Response to the War in Gaza – Eric Hobsbawm (2009)

Eric Hobsbawm

Responses to the War in Gaza

Eric Hobsbawm

For three weeks barbarism has been on show before a universal public, which has watched, judged and with few exceptions rejected Israel’s use of armed terror against the one and a half million inhabitants blockaded since 2006 in the Gaza Strip. Never have the official justifications for invasion been more patently refuted by the combination of camera and arithmetic; or the newspeak of ‘military targets’ by the images of bloodstained children and burning schools. Thirteen dead on one side, 1360 on the other: it isn’t hard to work out which side is the victim. There is not much more to be said about Israel’s appalling operation in Gaza.

Except for those of us who are Jews. In a long and insecure history as a people in diaspora, our natural reaction to public events has inevitably included the question: ‘Is it good or bad for the Jews?’ In this instance the answer is unequivocally: ‘Bad for the Jews’.

It is patently bad for the five and a half million Jews who live in Israel and the occupied territories of 1967, whose security is jeopardised by the military actions that Israeli governments take in Gaza and in Lebanon; actions which demonstrate their inability to achieve their declared aims and which perpetuate and intensify Israel’s isolation in a hostile Middle East. Since genocide or the mass expulsion of Palestinians from what remains of their native land is no more on the practical agenda than the destruction of the state of Israel, only negotiated coexistence on equal terms between the two groups can provide a stable future. Each new military adventure, like the ones in Gaza and Lebanon, will make such a solution more difficult and will strengthen the hand of the Israeli right wing and the West Bank settlers who do not want it in the first place.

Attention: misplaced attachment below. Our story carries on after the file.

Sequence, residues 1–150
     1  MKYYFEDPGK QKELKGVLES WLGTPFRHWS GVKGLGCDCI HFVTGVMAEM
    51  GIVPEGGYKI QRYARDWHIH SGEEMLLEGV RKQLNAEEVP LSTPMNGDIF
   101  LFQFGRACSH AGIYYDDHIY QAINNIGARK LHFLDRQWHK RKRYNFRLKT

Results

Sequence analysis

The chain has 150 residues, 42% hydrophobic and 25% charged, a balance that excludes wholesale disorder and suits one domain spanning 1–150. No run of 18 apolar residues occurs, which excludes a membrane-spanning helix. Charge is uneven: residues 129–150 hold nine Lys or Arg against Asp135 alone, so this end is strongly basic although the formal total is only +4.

Like the war in Lebanon in 2006, Gaza has darkened the outlook for the future of Israel. It has also darkened the outlook for the nine million Jews who live in the diaspora. Let me not beat about the bush: criticism of Israel does not imply anti-semitism, but the actions of the government of Israel occasion shame among Jews and, more than anything else, they give rise to anti-semitism today. Since 1945 the Jews, inside and outside Israel, have enormously benefited from the bad conscience of a Western world that had refused Jewish immigration in the 1930s before committing or failing to resist genocide. How much of that bad conscience, which virtually eliminated anti-semitism in the West for sixty years and produced a golden era for its diaspora, is left today?

Israel in action in Gaza is not the victim people of history, nor even the ‘brave little Israel’ of 1948-67 mythology, a David defeating all its surrounding Goliaths. Israel is losing goodwill as rapidly as the US did under George W. Bush, and for similar reasons: nationalist blindness and the megalomania of military power. What is good for Israel and what is good for the Jews as a people are evidently linked, but, until there is a just answer to the Palestinian question, they are not and cannot be identical. And it is essential for Jews to say so.


Explore posts in the same categories: Έρικ Χόμπσμπαουμ, Κόσμος


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